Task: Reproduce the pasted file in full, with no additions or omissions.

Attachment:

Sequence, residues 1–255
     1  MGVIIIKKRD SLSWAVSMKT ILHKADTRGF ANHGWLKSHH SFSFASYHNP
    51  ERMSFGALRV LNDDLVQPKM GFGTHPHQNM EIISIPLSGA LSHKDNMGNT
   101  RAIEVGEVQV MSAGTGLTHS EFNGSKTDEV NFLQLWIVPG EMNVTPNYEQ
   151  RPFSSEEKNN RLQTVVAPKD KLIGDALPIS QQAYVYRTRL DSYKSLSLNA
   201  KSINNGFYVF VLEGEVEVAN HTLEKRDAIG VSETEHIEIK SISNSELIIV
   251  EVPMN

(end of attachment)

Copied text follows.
Sequence, residues 1–255
     1  MGVIIIKKRD SLSWAVSMKT ILHKADTRGF ANHGWLKSHH SFSFASYHNP
    51  ERMSFGALRV LNDDLVQPKM GFGTHPHQNM EIISIPLSGA LSHKDNMGNT
   101  RAIEVGEVQV MSAGTGLTHS EFNGSKTDEV NFLQLWIVPG EMNVTPNYEQ
   151  RPFSSEEKNN RLQTVVAPKD KLIGDALPIS QQAYVYRTRL DSYKSLSLNA
   201  KSINNGFYVF VLEGEVEVAN HTLEKRDAIG VSETEHIEIK SISNSELIIV
   251  EVPMN